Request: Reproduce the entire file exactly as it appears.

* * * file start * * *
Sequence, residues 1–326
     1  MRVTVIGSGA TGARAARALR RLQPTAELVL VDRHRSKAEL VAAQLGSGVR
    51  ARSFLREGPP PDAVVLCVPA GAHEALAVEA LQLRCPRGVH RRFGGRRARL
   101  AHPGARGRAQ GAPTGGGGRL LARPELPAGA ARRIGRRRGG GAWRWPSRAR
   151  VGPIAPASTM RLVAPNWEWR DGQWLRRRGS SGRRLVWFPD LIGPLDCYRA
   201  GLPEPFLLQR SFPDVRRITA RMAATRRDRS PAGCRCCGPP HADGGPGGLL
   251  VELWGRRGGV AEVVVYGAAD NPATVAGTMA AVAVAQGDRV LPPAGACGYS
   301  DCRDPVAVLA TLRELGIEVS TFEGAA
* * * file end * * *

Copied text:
Sequence, residues 1–326
     1  MRVTVIGSGA TGARAARALR RLQPTAELVL VDRHRSKAEL VAAQLGSGVR
    51  ARSFLREGPP PDAVVLCVPA GAHEALAVEA LQLRCPRGVH RRFGGRRARL
   101  AHPGARGRAQ GAPTGGGGRL LARPELPAGA ARRIGRRRGG GAWRWPSRAR
   151  VGPIAPASTM RLVAPNWEWR DGQWLRRRGS SGRRLVWFPD LIGPLDCYRA
   201  GLPEPFLLQR SFPDVRRITA RMAATRRDRS PAGCRCCGPP HADGGPGGLL
   251  VELWGRRGGV AEVVVYGAAD NPATVAGTMA AVAVAQGDRV LPPAGACGYS
   301  DCRDPVAVLA TLRELGIEVS TFEGAA